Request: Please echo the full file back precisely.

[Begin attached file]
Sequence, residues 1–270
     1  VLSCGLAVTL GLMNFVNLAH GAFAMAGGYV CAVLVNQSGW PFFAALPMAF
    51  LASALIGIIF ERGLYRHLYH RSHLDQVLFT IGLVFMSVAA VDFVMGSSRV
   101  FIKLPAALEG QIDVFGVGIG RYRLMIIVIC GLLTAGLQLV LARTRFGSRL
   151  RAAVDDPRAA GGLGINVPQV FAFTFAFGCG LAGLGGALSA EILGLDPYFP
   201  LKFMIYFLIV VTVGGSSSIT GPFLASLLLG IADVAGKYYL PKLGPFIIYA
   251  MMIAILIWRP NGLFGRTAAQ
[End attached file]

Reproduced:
Sequence, residues 1–270
     1  VLSCGLAVTL GLMNFVNLAH GAFAMAGGYV CAVLVNQSGW PFFAALPMAF
    51  LASALIGIIF ERGLYRHLYH RSHLDQVLFT IGLVFMSVAA VDFVMGSSRV
   101  FIKLPAALEG QIDVFGVGIG RYRLMIIVIC GLLTAGLQLV LARTRFGSRL
   151  RAAVDDPRAA GGLGINVPQV FAFTFAFGCG LAGLGGALSA EILGLDPYFP
   201  LKFMIYFLIV VTVGGSSSIT GPFLASLLLG IADVAGKYYL PKLGPFIIYA
   251  MMIAILIWRP NGLFGRTAAQ